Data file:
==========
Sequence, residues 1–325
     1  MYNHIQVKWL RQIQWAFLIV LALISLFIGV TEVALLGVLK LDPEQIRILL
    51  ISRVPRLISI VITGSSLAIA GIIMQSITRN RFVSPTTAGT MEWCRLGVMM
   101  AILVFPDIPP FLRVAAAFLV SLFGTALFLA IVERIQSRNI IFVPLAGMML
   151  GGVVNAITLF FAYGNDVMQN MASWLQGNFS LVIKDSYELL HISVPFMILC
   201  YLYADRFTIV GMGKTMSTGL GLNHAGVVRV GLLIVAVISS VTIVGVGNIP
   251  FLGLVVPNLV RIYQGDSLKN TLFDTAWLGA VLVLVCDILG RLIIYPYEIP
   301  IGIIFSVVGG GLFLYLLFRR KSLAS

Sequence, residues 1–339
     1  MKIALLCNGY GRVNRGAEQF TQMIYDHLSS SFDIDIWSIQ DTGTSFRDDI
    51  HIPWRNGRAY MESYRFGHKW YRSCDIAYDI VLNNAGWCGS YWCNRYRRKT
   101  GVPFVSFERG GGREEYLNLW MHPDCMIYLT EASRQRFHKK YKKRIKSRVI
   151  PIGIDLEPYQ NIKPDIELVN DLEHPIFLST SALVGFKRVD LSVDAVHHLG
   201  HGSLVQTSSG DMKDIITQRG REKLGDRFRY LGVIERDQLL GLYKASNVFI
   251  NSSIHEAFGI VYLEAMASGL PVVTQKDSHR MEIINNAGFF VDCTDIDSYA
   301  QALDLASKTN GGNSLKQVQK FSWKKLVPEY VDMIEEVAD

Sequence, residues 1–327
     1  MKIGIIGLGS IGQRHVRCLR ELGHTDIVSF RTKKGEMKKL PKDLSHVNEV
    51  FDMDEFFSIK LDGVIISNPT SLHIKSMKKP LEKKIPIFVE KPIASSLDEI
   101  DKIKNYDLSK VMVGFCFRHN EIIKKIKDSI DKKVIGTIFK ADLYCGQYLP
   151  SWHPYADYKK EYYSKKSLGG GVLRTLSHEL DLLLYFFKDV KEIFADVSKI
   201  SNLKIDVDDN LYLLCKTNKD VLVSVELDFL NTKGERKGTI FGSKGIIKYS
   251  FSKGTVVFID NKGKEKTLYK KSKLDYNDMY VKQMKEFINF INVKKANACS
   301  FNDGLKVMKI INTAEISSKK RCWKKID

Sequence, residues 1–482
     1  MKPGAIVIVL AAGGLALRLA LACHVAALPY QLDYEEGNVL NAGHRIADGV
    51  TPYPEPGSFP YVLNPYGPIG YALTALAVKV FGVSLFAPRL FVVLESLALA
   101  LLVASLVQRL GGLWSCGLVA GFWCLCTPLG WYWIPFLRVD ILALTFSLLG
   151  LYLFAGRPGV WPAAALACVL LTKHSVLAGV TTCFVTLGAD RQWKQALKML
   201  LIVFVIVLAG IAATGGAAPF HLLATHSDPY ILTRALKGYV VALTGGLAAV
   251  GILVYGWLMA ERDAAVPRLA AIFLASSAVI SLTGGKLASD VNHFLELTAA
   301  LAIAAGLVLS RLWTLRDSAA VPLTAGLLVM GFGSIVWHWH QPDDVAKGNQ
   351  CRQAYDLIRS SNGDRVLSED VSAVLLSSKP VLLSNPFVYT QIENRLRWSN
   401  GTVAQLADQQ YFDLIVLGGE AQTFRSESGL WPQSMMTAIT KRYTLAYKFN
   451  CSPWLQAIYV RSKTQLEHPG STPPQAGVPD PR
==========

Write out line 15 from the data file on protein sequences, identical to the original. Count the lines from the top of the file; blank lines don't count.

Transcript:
   251  NSSIHEAFGI VYLEAMASGL PVVTQKDSHR MEIINNAGFF VDCTDIDSYA